A graveyard near my shop
Walking to my garage through my local church graveyard over the years, I have often pondered the poignancy of the hundreds of near identical slate headstones lined up row after row. Every one represented a life lived, with gripping tales to tell interspersed with heartache and joy.
Yesterday, on the eve of my 80th birthday, a line of verse came into my head which, when I got back to my shop, I developed into a full-blown poem. It brought my thoughts into focus. I hope you like it.
There is a graveyard near my shop jam-packed with myriad stones,
Lined up in serried ranks of slate to be their final homes.
They once had dreams like yours and mine of how they would succeed,
And win a place of some esteem to meet a deep-felt need.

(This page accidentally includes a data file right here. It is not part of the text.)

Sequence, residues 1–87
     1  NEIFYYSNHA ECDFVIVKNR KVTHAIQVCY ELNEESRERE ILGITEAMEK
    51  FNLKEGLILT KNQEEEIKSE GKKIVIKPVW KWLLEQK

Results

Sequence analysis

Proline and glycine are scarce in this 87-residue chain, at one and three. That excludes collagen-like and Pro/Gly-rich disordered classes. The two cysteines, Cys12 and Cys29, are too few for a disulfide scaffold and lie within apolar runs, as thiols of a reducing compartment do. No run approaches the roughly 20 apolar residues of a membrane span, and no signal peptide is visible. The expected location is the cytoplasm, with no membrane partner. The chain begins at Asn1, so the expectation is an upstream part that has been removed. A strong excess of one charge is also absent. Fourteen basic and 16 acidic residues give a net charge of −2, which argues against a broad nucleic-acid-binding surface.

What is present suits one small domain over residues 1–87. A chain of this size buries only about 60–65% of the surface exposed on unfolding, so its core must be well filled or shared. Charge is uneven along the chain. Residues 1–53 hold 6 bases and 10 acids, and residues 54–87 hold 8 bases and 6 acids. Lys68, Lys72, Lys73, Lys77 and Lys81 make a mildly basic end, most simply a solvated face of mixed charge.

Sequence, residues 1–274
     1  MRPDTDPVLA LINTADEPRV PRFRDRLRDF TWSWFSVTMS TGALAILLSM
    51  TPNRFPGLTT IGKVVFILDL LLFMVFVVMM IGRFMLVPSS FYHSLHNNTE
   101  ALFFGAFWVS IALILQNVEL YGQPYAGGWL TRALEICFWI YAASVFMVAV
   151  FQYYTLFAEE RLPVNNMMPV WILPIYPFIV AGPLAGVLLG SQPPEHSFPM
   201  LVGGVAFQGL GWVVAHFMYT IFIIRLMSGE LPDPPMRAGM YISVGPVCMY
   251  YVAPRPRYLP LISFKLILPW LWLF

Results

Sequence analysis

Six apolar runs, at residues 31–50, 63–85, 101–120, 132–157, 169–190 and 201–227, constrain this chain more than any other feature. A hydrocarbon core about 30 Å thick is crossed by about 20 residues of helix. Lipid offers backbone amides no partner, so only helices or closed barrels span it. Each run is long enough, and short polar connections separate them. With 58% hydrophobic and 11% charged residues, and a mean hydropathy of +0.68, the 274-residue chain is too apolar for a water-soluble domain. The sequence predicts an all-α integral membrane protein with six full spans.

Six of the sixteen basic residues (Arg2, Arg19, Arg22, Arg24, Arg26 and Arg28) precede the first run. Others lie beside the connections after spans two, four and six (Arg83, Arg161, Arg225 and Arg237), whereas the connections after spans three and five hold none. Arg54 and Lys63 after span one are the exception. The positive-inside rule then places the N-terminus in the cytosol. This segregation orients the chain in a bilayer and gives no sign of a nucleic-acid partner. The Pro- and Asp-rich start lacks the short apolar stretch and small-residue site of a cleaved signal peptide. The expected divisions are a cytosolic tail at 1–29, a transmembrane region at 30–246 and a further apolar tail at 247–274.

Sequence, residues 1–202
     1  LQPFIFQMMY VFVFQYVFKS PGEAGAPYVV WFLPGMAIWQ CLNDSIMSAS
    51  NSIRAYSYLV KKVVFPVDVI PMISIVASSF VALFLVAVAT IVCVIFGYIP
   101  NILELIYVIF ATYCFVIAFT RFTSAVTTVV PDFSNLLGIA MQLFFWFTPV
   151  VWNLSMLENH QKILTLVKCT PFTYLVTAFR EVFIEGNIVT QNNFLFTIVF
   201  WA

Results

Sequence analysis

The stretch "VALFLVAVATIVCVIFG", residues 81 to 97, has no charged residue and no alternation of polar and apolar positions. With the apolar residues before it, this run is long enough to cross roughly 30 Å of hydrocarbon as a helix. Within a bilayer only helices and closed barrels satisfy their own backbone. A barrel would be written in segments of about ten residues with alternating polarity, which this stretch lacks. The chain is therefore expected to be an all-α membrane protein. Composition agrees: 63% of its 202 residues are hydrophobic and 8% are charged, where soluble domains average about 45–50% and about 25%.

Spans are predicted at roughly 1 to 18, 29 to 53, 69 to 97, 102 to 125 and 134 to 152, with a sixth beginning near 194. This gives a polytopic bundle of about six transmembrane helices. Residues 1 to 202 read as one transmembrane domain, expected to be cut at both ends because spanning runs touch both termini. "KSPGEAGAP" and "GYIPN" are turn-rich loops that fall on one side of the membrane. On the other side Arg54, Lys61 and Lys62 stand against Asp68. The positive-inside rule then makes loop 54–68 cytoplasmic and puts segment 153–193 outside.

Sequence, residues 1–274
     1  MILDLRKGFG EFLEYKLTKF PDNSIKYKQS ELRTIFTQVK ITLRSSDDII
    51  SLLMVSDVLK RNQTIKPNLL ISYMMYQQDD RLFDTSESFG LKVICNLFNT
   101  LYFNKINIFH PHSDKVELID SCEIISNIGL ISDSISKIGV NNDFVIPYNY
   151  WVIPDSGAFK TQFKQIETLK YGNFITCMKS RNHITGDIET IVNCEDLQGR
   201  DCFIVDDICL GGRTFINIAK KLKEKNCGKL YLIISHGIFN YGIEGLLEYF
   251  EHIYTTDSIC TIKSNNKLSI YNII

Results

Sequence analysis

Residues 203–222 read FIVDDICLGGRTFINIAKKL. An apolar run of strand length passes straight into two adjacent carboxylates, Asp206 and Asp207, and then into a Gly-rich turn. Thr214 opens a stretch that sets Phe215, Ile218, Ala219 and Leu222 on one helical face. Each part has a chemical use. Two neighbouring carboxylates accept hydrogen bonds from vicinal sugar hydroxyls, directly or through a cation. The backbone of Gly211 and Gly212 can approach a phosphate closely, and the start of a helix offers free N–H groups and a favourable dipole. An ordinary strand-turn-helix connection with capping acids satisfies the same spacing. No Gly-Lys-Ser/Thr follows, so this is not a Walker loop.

They wanted not to slip away and none to speak their name,
As through the years of toil they sought their little share of fame.
They wanted friends and family to visit and recall
A life well-lived of joy and tears, in which they gave their all.
And so, perhaps, for several years their hopes would be fulfilled;
But time strikes down the left behind and they themselves are stilled.
The grass between the stones grows tall: no human foot is trod.
The wind blows cold between the slates, all vanish in the sod.
The rich and famous of our day, they too will pass from view;
Their fate no different from the rest as life begins anew.
We strut our hour upon the stage, then comes no more our sound;
Gone from our eyes, beneath our feet, a slowly sinking mound.
Posted on May 14, 2019, in poetry and tagged mortality, Ozymandias. Bookmark the permalink. Leave a comment.
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